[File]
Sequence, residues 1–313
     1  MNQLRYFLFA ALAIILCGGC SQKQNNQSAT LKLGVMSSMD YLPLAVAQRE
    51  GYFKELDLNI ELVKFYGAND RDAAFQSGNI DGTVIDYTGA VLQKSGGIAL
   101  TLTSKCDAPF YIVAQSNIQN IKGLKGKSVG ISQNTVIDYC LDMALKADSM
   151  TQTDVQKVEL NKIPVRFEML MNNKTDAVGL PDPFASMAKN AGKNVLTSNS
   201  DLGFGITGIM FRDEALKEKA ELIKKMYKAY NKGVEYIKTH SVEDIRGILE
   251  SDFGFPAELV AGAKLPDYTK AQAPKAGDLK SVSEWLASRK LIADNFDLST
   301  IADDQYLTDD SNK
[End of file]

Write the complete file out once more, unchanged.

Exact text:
Sequence, residues 1–313
     1  MNQLRYFLFA ALAIILCGGC SQKQNNQSAT LKLGVMSSMD YLPLAVAQRE
    51  GYFKELDLNI ELVKFYGAND RDAAFQSGNI DGTVIDYTGA VLQKSGGIAL
   101  TLTSKCDAPF YIVAQSNIQN IKGLKGKSVG ISQNTVIDYC LDMALKADSM
   151  TQTDVQKVEL NKIPVRFEML MNNKTDAVGL PDPFASMAKN AGKNVLTSNS
   201  DLGFGITGIM FRDEALKEKA ELIKKMYKAY NKGVEYIKTH SVEDIRGILE
   251  SDFGFPAELV AGAKLPDYTK AQAPKAGDLK SVSEWLASRK LIADNFDLST
   301  IADDQYLTDD SNK